Preaching is sometimes discussed as though it were an dying art. There are fewer people going to church and even fewer who are interested to listen to a sermon. Attention spans are about 30 seconds long and if you cannot tweet it then it will not be heard - or so the basic argument goes.
As a result of this there is a growing emphasis on the art of preaching. This is not without merit. Anyone dedicated to a craft is naturally interested to learn more about that craft. However, preaching as an art is not on the ropes.
At the most basic, preaching is speaking. Perhaps we could narrow the definition to speaking on a religious matter. To that end, preaching is alive and well. Preachers are a dime a dozen these days. And it is difficult to pin down what makes a good preacher beyond personal tastes. Preaching is not what the Church lacks.
The Church lacks proclamation.
Proclamation is at the root of the ministry of Jesus. Consider how Jesus inaugurated his ministry by reading the following from Isaiah:
‘The Spirit of the Lord is upon me,
because he has anointed me
to bring good news to the poor.
He has sent me to proclaim release to the captives
and recovery of sight to the blind,
to let the oppressed go free,
to proclaim the year of the Lord’s favour.’
Jesus did not come to preach. His was a ministry of proclamation. Even what we call the “Sermon on the Mount” is a title that later theologians called a section of Matthew’s gospel. Jesus did not preach sermons - he proclaimed Good News.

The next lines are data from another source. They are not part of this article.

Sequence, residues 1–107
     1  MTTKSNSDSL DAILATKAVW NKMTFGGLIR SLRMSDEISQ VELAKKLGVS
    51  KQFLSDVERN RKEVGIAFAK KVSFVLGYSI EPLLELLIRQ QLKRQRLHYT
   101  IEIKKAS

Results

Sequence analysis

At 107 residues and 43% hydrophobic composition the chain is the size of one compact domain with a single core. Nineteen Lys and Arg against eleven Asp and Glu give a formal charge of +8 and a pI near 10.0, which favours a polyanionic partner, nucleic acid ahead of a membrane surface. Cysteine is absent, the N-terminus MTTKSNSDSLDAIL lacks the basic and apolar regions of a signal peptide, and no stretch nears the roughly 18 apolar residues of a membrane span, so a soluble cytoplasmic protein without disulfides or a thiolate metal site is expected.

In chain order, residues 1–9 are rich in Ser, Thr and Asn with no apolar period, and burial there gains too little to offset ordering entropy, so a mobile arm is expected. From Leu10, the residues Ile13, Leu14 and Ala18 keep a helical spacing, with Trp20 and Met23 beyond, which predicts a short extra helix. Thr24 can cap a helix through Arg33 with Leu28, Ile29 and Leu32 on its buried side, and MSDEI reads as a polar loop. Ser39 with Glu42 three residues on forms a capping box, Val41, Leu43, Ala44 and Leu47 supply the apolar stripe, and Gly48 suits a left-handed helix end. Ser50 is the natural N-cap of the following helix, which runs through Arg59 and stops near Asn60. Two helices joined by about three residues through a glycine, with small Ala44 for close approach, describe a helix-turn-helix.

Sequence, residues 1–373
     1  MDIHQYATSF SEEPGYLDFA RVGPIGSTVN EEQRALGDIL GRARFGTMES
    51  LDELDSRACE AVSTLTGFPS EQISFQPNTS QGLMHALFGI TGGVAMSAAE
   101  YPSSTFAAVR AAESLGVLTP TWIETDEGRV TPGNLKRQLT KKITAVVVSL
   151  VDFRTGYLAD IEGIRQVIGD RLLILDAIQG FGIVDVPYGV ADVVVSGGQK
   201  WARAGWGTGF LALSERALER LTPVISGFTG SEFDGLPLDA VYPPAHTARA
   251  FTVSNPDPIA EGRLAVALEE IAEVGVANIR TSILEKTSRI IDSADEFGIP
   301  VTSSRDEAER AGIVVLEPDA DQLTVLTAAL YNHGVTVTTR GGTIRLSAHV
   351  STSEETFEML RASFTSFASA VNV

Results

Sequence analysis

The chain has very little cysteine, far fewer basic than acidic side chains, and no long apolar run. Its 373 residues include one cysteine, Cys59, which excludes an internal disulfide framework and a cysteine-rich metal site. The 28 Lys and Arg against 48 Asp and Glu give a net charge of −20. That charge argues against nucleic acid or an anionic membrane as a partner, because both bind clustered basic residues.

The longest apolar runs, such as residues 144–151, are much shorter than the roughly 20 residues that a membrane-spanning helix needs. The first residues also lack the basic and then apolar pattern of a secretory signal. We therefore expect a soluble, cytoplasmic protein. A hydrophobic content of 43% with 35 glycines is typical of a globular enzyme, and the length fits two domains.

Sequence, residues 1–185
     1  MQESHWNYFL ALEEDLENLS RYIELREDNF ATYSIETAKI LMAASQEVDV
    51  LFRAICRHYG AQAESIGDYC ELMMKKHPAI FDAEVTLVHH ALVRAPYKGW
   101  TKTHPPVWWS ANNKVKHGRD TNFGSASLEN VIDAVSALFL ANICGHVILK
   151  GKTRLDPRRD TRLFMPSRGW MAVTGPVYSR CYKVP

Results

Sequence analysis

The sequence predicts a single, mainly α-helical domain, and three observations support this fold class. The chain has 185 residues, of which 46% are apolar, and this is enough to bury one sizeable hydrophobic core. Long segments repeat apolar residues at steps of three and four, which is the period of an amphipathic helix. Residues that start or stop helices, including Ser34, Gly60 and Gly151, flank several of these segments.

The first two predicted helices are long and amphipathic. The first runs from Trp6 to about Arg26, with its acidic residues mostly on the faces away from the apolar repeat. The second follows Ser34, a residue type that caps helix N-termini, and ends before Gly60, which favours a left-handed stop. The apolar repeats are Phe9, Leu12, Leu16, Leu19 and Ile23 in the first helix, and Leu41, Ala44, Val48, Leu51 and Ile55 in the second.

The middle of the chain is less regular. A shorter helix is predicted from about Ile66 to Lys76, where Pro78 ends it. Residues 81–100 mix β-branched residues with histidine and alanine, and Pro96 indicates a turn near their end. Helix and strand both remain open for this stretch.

One of the ways to differentiate the the difference between preaching and proclaiming is the nature of the news. We preachers are very good at talking about “bad news”. We can describe the problems in our world, we can point out sin and speak of a broken world. This can be good preaching, but poor proclamation.
Proclamation describes “Good News”. You know when someone has moved from preaching to proclaiming when their words or actions highlight hope and mercy. We all have seen someone speaking or working and something happens, something comes over them and us that moves deep into our bones. It is that moment when you hear or see the very thing that confronts “bad news” rather than just describing it.
The best preachers I know are those who gave up preaching long ago in the pursuit to proclaim.